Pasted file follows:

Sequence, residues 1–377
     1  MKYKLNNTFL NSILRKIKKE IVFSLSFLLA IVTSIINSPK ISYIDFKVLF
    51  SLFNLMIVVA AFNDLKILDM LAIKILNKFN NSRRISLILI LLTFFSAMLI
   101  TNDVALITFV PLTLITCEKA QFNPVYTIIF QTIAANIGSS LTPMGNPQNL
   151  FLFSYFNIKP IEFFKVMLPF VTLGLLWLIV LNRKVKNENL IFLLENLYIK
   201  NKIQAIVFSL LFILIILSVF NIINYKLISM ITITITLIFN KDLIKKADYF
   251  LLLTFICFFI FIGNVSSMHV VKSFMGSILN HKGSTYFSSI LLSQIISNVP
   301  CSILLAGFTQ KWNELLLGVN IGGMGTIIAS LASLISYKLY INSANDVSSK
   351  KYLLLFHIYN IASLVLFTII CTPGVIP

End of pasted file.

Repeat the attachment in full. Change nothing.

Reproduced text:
Sequence, residues 1–377
     1  MKYKLNNTFL NSILRKIKKE IVFSLSFLLA IVTSIINSPK ISYIDFKVLF
    51  SLFNLMIVVA AFNDLKILDM LAIKILNKFN NSRRISLILI LLTFFSAMLI
   101  TNDVALITFV PLTLITCEKA QFNPVYTIIF QTIAANIGSS LTPMGNPQNL
   151  FLFSYFNIKP IEFFKVMLPF VTLGLLWLIV LNRKVKNENL IFLLENLYIK
   201  NKIQAIVFSL LFILIILSVF NIINYKLISM ITITITLIFN KDLIKKADYF
   251  LLLTFICFFI FIGNVSSMHV VKSFMGSILN HKGSTYFSSI LLSQIISNVP
   301  CSILLAGFTQ KWNELLLGVN IGGMGTIIAS LASLISYKLY INSANDVSSK
   351  KYLLLFHIYN IASLVLFTII CTPGVIP